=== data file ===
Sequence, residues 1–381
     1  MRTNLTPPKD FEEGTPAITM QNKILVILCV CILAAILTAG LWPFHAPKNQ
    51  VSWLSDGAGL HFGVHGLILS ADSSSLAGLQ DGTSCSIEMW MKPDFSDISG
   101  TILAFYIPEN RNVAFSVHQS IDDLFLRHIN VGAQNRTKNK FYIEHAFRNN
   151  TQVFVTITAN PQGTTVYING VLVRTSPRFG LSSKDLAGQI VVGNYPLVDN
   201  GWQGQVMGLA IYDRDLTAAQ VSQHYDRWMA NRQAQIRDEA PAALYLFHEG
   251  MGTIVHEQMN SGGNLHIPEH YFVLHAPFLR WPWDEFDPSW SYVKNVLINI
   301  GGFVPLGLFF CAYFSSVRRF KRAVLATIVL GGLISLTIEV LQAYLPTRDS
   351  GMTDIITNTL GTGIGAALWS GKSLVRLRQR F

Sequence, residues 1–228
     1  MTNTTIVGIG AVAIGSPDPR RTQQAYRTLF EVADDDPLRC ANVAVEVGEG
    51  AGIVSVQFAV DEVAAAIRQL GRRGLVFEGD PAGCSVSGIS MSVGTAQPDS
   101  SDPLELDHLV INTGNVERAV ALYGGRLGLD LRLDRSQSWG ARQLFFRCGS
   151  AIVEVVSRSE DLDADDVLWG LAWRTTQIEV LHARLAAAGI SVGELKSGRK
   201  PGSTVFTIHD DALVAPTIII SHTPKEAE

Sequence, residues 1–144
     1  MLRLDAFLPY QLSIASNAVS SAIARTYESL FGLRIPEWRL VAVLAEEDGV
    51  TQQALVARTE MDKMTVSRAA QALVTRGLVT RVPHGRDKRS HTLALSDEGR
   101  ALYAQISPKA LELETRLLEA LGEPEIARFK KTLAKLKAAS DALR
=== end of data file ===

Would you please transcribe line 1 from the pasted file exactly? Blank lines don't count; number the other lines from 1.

Sequence, residues 1–381